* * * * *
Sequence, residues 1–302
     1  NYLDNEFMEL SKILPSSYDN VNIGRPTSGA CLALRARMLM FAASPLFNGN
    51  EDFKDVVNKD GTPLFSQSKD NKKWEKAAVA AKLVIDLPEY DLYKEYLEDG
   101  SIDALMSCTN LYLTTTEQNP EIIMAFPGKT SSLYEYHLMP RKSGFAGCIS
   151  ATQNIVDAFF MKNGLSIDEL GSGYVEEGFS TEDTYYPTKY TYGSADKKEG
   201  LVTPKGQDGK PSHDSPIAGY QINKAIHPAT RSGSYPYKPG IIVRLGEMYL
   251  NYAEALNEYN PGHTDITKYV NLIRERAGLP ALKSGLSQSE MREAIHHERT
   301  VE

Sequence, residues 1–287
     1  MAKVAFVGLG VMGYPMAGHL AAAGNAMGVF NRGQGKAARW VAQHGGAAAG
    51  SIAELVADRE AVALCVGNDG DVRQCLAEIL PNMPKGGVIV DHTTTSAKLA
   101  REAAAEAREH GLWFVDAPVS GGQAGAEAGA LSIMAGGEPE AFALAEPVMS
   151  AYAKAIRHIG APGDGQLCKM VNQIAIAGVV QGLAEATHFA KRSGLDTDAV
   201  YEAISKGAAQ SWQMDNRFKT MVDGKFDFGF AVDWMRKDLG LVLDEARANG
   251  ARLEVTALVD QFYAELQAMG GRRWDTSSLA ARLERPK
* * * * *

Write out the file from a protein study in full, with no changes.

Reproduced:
Sequence, residues 1–302
     1  NYLDNEFMEL SKILPSSYDN VNIGRPTSGA CLALRARMLM FAASPLFNGN
    51  EDFKDVVNKD GTPLFSQSKD NKKWEKAAVA AKLVIDLPEY DLYKEYLEDG
   101  SIDALMSCTN LYLTTTEQNP EIIMAFPGKT SSLYEYHLMP RKSGFAGCIS
   151  ATQNIVDAFF MKNGLSIDEL GSGYVEEGFS TEDTYYPTKY TYGSADKKEG
   201  LVTPKGQDGK PSHDSPIAGY QINKAIHPAT RSGSYPYKPG IIVRLGEMYL
   251  NYAEALNEYN PGHTDITKYV NLIRERAGLP ALKSGLSQSE MREAIHHERT
   301  VE

Sequence, residues 1–287
     1  MAKVAFVGLG VMGYPMAGHL AAAGNAMGVF NRGQGKAARW VAQHGGAAAG
    51  SIAELVADRE AVALCVGNDG DVRQCLAEIL PNMPKGGVIV DHTTTSAKLA
   101  REAAAEAREH GLWFVDAPVS GGQAGAEAGA LSIMAGGEPE AFALAEPVMS
   151  AYAKAIRHIG APGDGQLCKM VNQIAIAGVV QGLAEATHFA KRSGLDTDAV
   201  YEAISKGAAQ SWQMDNRFKT MVDGKFDFGF AVDWMRKDLG LVLDEARANG
   251  ARLEVTALVD QFYAELQAMG GRRWDTSSLA ARLERPK